If anyone understands the impact a hurricane can have on South Florida, it’s Bryan Norcross, the man who talked the region through Hurricane Andrew in 1992. His description of what a worst case hurricane scenario would be in Southeast Florida is downright chilling.
It would be far worse than Andrew.
In an interview with the Capital Weather Gang last month, Norcross, now senior hurricane specialist at The Weather Channel, described the disastrous scenario in which a hurricane as strong as Andrew, directly struck the area just 10 to 12 miles to the north of where it came ashore.
“Besides the unimaginable destruction and widespread homelessness, it would be dagger to the economic heart of the region,” Norcross said.
The zone affected would include South Beach, the Port of Miami, the banking district, the Miami International Airport, and the Coral Gables and Doral business districts.
Such a scenario cannot entirely be ruled out with Hurricane Irma.
When Andrew ravaged large areas of South Florida in 1992, Norcross was the chief meteorologist at WTVJ, Miami’s NBC affiliate. He stayed on air for 23 straight hours and is considered a hero by many who were glued to his coverage.
Andrew, as bad as it was, wasn’t the worst case scenario for South Florida. While it ravaged the Homestead area, the more densely-populated coast from Miami to Fort Lauderdale missed the brunt of storm.
What happens if it doesn’t this time?
“Tourism and business would be incapacitated for an indeterminate length of time,” Norcross said. “With no jobs and housing, people would have to leave. It is impossible to imagine how the region would resurrect itself and how long it would take.”
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Norcross is particularly concerned about the scenario in which the storm surge exceeds 10 feet in the Miami area. “Tens or hundreds of thousands of people would likely be stranded and immobile in their buildings after the storm,” he said. “People staying in high-rise buildings would be safe, if they rode out the storm in a lower-level hallway. But the grounds and streets around the buildings within range of the storm surge would be deep in sand and debris.”
He continued: “So people will be stuck in buildings with no power, no water, likely little or no communications, and no way to get out or get people in with supplies and aid for an extended time after the storm.”
The economic costs of a disaster of this scale are difficult to calculate, but scholars estimate north of $200 billion dollars. In recent decades, the population in southeast Florida has ballooned and an incredible amount of wealth and infrastructure is in harm’s way.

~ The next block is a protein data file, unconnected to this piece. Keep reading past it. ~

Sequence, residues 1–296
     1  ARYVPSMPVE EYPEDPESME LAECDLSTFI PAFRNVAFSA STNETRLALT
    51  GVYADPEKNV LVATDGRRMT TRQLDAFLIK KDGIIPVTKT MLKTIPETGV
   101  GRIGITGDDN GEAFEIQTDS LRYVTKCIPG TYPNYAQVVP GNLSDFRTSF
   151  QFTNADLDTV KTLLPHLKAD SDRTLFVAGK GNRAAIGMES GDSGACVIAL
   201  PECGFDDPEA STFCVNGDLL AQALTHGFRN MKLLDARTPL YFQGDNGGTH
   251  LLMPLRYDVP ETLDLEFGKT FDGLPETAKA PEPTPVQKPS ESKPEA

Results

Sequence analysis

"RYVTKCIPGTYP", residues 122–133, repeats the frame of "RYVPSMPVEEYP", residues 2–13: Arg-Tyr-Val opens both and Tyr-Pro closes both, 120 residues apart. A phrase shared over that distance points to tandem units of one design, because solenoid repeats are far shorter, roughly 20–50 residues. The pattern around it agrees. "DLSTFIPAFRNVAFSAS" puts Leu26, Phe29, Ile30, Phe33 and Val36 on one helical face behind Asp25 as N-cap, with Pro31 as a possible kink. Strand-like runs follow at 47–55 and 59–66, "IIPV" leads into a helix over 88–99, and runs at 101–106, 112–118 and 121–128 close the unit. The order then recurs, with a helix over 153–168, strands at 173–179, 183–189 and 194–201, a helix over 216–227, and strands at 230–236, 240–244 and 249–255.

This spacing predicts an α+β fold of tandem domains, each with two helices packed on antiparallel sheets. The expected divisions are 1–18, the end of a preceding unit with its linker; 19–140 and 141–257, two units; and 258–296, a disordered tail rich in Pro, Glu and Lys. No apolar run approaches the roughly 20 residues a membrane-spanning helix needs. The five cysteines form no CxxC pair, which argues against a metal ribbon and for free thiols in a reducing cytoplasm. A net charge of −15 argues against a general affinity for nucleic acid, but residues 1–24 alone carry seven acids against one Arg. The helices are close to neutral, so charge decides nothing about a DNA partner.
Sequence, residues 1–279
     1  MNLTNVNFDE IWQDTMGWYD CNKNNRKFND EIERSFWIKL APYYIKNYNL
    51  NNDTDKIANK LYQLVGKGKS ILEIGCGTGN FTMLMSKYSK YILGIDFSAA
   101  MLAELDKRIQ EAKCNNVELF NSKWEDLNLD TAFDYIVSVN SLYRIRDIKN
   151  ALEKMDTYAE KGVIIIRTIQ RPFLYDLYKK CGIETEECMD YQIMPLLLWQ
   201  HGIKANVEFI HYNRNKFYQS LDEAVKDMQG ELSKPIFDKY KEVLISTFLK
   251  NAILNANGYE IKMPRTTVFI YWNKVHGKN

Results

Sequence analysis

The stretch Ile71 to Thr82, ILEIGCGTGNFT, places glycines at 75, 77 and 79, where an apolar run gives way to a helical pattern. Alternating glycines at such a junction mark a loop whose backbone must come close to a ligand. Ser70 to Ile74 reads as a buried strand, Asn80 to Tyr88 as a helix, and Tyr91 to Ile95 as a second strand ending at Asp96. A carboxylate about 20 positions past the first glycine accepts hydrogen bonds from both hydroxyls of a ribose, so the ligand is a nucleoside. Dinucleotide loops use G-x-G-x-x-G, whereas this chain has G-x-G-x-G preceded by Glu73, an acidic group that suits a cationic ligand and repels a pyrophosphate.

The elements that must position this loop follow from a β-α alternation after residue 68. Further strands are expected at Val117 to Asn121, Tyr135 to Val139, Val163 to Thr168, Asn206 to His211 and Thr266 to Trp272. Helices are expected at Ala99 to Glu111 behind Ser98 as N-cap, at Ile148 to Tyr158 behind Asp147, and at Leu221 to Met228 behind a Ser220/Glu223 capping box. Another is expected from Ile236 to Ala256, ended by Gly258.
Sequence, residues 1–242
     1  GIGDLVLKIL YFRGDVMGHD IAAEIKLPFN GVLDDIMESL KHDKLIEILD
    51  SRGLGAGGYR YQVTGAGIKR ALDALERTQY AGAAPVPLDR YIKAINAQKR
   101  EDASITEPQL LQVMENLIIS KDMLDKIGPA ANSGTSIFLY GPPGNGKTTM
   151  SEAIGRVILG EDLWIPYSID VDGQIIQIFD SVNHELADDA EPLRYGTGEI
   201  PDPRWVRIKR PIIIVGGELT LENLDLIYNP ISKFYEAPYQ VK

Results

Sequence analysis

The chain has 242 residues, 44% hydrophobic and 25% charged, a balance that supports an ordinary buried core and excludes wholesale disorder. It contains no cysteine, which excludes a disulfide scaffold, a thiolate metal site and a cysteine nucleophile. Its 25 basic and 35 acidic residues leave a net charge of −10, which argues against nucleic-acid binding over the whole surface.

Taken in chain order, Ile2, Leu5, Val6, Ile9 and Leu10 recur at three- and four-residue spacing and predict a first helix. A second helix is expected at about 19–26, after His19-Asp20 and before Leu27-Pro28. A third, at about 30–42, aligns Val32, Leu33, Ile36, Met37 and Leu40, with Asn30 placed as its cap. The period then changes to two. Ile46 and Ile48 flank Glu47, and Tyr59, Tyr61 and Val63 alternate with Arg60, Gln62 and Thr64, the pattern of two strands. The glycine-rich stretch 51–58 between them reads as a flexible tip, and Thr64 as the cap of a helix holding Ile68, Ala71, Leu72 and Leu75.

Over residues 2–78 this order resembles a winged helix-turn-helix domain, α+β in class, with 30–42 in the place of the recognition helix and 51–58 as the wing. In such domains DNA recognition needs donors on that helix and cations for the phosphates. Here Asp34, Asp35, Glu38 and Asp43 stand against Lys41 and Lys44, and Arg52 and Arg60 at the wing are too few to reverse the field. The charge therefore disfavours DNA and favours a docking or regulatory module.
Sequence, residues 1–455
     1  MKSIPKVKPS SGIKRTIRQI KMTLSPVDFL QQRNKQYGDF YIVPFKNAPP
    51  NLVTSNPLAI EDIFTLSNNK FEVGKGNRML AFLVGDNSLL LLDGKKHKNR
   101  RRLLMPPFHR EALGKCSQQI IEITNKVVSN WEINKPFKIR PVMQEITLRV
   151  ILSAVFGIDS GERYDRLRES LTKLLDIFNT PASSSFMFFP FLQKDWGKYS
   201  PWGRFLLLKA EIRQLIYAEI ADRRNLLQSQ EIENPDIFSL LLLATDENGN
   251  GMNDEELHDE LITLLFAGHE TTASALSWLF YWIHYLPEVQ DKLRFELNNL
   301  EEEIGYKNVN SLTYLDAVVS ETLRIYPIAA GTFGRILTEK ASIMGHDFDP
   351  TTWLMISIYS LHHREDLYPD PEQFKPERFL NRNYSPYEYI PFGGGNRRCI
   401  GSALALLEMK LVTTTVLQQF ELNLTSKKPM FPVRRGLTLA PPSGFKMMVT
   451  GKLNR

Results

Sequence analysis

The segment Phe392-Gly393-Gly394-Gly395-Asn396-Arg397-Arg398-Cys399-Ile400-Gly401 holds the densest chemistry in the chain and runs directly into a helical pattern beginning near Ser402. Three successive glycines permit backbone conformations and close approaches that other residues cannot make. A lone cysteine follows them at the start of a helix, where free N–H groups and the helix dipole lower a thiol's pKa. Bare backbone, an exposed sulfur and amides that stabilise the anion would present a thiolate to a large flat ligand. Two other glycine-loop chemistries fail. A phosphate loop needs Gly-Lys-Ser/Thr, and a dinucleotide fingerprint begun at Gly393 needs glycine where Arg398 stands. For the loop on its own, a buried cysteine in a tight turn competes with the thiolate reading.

Irma’s exact track over the Florida peninsula is still in flux. It’s possible it will track just far enough west, perhaps over the Everglades, so that the densely-populated Miami to Fort Lauderdale corridor narrowly avoids the worst of Irma’s wrath.
But a small wobble to the east would place Miami and its surroundings in Irma’s northeastern eyewall, where winds are most destructive and the storm surge is maximized.
Even if the worst case doesn’t materialize in Miami, Norcross said he is deeply concerned about South Florida’s readiness for something even less.
“South Florida is not remotely prepared for a Category 3 or higher hurricane,” he said. “In 2005, Hurricane Wilma was a Category 1 in Miami-Dade County and Category 2 in pockets of Broward and Palm Beach Counties. It ended up being the third most expensive hurricane in the history of hurricanes. The government was barely able to stabilize the situation simply due to the large number of people who were really hurting.”
He added: “[Even] if you could get 90 percent of the people to prepare to take total care of themselves for a week or more after a storm, there would still be hundreds of thousands of people needing immediate aid - including many in the most vulnerable populations - in a metropolitan area as large and complex as southeast Florida. And you could never get anywhere close to 90 percent of the population to fully prepare.”